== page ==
This sequence begins with the dialogue preceding the action. Supreme Leader Snoke has our heroine Rey in hand, and he’s confident that padawan Kylo Ren will strike her down (which doesn’t usually have consequences, as I understand it). The villain chatters on about destiny while Kylo surreptitiously turns the lightsaber toward him, a tense scene culminating in the shock of Snoke’s assassination. Rey and Kylo barely have time to make eyes because now the Praetorian Guard have been activated. It’s sensational, when “Oh, shit” transitions directly into an action scene, this one which makes the best use of the Sequel Trilogy’s disappointingly more grounded approach to lightsaber combat.
Strangely, when Kylo Ren holds the lightsaber out close to his face, scanning his enemies, I’m reminded more of Jurassic Park than Star Wars, with the John Williams score evoking memories of raptor attacks. Where most Star Wars lightsaber battles between a Jedi and multiple opponents are effortless – hats off to the IG-100 MagnaGuards for getting Obi-Wan to at least pay attention – this one hews closer to a dangerous situation. Might as well be Dr. Alan Grant facing down the velociraptors. As a YouTube commenter points out, while Kylo is more careful, Ren is swinging wildly, missing often, leading to my favorite moment in the scene: her war cry. I think Daisy Ridley’s bellow is modified just slightly for an echo or reverberation, but in concert with the whoosh of the lightsaber, it’s a revelation of sound design.
Underscored by the uncertainty of these characters’ paths going forward, the fight is appropriately desperate, and I feel it. It’s in the performances and the choreography, and I appreciate that it isn’t in the camerawork and editing. We’re smooth and confident here, not erratic and unreadable. Like any good Star Wars, this allows a showcase of new toys, the Guards, who do look a bit more toyetic than I’d prefer. The design is interesting, though, recalling the samurai roots of the series, but updating the Imperial Royal Guard was always gonna be an uphill battle.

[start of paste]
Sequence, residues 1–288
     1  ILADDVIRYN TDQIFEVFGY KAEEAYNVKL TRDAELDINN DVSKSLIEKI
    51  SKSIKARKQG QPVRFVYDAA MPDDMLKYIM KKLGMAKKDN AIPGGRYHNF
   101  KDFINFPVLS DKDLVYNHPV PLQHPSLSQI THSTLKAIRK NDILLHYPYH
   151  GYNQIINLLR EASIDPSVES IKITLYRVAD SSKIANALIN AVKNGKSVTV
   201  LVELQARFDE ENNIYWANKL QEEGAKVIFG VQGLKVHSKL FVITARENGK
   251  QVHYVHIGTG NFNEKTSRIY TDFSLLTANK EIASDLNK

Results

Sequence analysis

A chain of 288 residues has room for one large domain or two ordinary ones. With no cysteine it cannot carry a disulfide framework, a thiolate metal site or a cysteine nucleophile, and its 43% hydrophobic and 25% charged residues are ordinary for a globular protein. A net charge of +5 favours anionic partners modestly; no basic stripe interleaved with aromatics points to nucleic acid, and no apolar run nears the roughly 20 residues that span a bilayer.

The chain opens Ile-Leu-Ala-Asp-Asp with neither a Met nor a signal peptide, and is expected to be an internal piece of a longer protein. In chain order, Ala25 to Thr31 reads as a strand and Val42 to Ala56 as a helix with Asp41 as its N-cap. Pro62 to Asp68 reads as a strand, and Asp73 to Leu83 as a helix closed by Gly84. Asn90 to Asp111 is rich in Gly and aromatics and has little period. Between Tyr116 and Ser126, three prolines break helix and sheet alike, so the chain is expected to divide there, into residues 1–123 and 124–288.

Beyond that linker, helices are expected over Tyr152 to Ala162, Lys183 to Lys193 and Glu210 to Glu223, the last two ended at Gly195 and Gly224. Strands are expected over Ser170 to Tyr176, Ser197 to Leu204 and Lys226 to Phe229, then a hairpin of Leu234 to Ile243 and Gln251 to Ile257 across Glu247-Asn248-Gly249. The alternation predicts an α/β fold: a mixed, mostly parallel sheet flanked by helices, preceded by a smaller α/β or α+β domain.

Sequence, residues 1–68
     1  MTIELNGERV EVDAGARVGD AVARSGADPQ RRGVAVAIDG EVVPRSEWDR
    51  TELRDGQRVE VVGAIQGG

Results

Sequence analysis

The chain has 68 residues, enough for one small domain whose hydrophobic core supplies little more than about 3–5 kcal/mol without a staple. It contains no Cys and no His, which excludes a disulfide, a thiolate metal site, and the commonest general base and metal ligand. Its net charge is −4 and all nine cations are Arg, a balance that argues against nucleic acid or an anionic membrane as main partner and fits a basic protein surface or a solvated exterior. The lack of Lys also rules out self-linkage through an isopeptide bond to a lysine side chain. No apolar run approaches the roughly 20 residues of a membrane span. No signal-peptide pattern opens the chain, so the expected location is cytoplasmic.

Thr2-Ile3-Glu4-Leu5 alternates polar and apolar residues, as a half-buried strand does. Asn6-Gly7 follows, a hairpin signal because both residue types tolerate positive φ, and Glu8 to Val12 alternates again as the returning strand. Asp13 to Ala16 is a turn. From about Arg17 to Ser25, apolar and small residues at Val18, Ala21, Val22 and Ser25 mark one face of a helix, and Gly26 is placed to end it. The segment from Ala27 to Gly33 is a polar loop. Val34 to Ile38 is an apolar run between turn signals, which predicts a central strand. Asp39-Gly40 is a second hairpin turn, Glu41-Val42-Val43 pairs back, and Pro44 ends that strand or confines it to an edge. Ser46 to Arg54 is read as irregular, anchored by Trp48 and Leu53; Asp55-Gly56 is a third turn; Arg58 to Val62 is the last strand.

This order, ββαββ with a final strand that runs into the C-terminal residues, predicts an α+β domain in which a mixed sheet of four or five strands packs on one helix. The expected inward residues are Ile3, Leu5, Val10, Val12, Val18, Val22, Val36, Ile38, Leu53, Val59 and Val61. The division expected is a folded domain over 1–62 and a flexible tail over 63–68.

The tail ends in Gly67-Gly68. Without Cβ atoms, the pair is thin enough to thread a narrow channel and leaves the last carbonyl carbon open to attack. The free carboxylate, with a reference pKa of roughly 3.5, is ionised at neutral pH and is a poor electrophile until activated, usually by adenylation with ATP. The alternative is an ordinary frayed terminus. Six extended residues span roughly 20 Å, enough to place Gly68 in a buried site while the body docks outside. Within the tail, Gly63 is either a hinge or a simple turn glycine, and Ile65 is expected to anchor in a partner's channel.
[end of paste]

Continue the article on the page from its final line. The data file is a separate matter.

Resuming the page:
Then there’s the setting, Snoke’s throne room, which has a fighting game level of death traps. I hadn’t noticed on my own that the stark red background is eventually revealed as curtains which burn up and give way to the more traditional view of space. I’m not entirely sold on it, being inorganic, with an almost college poster vibe. Like, who in all the Star Wars would install those curtains and to what end? In practical terms, it’s a far cry from the space battle background of the opening duel in Revenge of the Sith, which felt like the apotheosis of Star Wars.
However, the upside is the anarchic destruction of the setting itself. My favorite moment in the recent K-drama Hellbound was when our thought-dead heroine tackles one of the fundamentalists through an office wall, which was so much catharsis after seeing fanatics beat many people to death with bats, including her mother. It isn’t just the violence against the bad guys, it’s like what Trinity says in The Matrix Reloaded: “I’ll bring that whole building down.” Nothing makes you feel better than smashing stuff. In the case of The Last Jedi, this works more on a thematic level, as I didn’t even notice that suddenly we were looking at space. And as the sequence culminates, we then transition into further thematic plodding, but for a shining moment, the Sequel Trilogy gave me something primal and affecting.